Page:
You do not need to stop creating because you’ve gotten older. Yes, you may need to make changes: Matisse had to move from painting to cut-out collages because of arthritis; and, as a result, created some of his most memorable works. So, while you may need to make changes and accommodate your new circumstances, you do not ever need to stop creating. Here are creativity coach Clare Thorbes’ eight tips for maintaining your creativity as you age.

Clare explains:

Creativity coaching clients as young as 40 have asked me, “Am I too old to create?” I encourage them to imagine what it might be like to arrive in their eighties after decades of devotion to their chosen art form. How skilled and confident might they be? I ask them to notice how they feel on the days they create. On the days they don’t, does their life seem a little less satisfying?

These eight tips will help you say a resounding YES! to your creativity, even as you embrace the realities of aging:

1. Find or build your tribe. Your group of like-minded souls understands your need to create, encourages you, and gives you honest and helpful feedback. Your supporters are also a bulwark against the psychological damage inflicted by people who do believe you’re too old to create.

2. Take charge of your health. If you have mobility or other physical issues, accommodate them, but continue to create. Change your working position, alter the length and frequency of your sessions, change your medium, or move from one art form to another—whatever makes sense for your changing circumstances.

3. Career success can happen at any age, as many of my clients can attest. Ask yourself why you create. Is it because it fills you with joy and gives you purpose? Keeping that vocation in mind will help you strive for greatness while letting go of expectations.

4. Create regularly to embed the habit of creating right down into your bones. No block of daily time is too short to stay connected with your creativity.

5. Keep your current and future projects in your thoughts all day, like a background hum. That keeps them alive! It also sustains you emotionally and psychologically and brings you back to your creativity after a forced interruption.

6. Stay curious, and don’t lose yourself in comparisons with other artists. You’re on your own path, and it is like no one else’s.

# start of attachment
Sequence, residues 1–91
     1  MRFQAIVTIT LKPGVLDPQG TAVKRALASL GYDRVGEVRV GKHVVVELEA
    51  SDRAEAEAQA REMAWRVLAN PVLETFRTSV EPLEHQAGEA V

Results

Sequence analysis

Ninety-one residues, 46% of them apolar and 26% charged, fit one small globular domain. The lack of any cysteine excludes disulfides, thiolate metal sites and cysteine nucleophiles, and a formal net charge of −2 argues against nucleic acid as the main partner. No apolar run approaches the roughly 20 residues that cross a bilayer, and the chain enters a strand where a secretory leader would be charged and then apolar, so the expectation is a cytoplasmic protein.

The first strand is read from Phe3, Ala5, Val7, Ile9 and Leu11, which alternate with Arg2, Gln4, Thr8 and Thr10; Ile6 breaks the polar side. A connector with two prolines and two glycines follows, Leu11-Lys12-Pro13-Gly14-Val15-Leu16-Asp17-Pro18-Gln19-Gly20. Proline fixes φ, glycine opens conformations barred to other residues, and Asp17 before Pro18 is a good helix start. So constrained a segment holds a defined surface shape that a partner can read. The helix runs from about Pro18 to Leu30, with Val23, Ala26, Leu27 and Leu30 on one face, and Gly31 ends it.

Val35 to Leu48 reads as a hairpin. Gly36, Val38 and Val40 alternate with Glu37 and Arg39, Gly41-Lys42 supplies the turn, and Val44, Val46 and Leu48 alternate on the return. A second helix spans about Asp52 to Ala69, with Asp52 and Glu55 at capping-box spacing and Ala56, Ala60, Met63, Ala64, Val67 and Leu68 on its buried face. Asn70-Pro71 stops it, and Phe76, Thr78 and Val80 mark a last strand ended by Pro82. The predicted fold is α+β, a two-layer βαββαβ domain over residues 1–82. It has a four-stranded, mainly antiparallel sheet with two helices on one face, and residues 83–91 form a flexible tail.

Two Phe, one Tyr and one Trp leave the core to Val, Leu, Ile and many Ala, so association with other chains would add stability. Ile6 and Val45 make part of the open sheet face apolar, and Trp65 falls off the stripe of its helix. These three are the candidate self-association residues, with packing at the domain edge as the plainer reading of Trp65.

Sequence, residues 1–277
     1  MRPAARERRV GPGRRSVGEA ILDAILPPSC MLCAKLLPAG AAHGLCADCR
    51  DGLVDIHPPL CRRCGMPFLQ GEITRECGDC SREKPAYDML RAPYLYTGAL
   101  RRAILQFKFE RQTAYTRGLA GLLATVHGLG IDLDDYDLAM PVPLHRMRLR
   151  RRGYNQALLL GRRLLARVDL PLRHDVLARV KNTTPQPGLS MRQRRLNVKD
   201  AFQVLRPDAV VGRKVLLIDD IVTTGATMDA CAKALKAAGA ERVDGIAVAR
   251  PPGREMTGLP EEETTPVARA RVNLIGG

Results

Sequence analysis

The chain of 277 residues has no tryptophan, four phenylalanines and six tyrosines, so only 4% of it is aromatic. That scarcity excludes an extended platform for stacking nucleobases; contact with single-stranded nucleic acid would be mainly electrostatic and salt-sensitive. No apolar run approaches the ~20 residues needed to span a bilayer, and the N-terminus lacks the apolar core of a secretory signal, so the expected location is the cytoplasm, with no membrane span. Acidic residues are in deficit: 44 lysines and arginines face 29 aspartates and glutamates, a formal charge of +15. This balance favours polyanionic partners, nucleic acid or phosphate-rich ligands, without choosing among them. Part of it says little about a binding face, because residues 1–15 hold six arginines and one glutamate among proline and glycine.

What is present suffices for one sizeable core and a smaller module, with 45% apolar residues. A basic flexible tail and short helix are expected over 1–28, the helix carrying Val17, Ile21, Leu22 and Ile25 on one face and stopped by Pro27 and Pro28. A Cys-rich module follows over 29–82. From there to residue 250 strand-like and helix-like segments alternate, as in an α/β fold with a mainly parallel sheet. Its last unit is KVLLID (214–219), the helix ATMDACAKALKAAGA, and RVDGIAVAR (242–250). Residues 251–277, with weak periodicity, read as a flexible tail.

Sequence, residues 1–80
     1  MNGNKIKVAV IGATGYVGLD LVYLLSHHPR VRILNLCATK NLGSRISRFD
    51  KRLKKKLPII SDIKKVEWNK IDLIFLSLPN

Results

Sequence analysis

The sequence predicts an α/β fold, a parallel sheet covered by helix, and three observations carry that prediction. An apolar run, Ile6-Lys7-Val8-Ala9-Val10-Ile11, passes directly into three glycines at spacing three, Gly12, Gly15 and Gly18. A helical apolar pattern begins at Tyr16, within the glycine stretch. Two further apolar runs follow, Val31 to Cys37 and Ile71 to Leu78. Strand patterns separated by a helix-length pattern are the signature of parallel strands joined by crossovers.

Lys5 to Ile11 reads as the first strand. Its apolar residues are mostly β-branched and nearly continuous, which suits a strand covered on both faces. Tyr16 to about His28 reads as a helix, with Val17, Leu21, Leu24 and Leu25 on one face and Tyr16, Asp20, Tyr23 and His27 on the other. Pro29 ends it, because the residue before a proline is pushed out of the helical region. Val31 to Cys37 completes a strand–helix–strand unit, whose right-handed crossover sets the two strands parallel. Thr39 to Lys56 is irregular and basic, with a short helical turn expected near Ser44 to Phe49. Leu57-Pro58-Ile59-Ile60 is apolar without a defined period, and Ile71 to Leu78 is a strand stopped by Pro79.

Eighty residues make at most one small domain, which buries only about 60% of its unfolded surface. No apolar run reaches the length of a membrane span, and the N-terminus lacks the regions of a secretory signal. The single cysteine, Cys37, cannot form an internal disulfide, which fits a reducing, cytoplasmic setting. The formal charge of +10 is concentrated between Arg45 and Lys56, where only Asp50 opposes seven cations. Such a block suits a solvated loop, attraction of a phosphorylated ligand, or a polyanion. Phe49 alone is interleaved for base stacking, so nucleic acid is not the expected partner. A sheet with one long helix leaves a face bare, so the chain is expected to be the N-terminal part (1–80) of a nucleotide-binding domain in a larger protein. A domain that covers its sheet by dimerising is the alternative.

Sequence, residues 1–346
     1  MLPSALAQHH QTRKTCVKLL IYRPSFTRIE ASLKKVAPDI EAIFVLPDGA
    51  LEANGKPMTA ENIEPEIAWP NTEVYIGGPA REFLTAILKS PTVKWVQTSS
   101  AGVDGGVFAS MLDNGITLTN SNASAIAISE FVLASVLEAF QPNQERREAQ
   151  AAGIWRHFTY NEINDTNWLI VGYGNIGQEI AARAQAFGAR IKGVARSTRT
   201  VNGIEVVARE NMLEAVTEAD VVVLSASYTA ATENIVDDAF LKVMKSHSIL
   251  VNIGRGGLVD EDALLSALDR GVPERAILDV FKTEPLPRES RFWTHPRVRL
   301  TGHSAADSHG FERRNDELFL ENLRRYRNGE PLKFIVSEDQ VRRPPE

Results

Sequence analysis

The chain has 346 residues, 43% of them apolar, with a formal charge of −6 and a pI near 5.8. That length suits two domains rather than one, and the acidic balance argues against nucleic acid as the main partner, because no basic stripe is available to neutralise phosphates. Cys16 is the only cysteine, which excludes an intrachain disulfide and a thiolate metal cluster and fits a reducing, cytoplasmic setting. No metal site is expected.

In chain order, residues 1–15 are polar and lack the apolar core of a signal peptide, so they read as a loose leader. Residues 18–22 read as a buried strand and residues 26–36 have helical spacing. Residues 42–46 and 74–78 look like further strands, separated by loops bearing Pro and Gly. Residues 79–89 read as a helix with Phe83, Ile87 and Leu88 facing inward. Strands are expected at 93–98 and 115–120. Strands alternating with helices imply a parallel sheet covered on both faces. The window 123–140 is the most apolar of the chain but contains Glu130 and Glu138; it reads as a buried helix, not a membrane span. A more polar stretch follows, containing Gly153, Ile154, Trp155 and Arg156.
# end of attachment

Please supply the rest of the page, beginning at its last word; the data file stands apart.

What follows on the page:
7. Periodically return to what Natalie Goldberg calls beginner’s mind. This could involve refining the basics, taking a course, or exploring other creative disciplines. Your work will be deepened and enriched as a result.

8. Finally, as you age, celebrate the richness you bring to your life’s work; the fingers that can still hold a brush or an instrument; and the mind that can observe, distill experience and find poetry in words, motion or music.

In his eighties, Nova Scotia visual artist Charles Coupar completed 15 pastel still lifes for a solo exhibition and spent over an hour at his opening night, chatting with fans and new admirers.

American poet, novelist and journal writer May Sarton continued to write into her eighties. She retained her independence and devotion to creativity until the end, even dictating her journal into a tape recorder after suffering a stroke.

Coupar, Sarton and countless other artists, poets, musicians and performers can inspire you to continue taking creative risks and to steadily build your life’s work. If you nurture it, creativity will remain a brightly burning flame inside you, calling on you to make something wonderful—no matter what your age.


Clare Thorbes is a certified creativity coach and visual artist, who returned to her love of singing jazz in her sixties. You can connect with her through her website at or via email at

In this two-month series of daily posts, creativity coaches from around the world share their best tips for increasing your creativity, manifesting your potential, and living a creative life. If you’d like to keep posted on the whole series and on Dr. Maisel’s other blog posts, you can subscribe for free at Eric Maisel is the author of 50+ books. Visit him at, drop him a note at, and learn more about kirism, the philosophy of life that he’s developed, in his book Lighting the Way.

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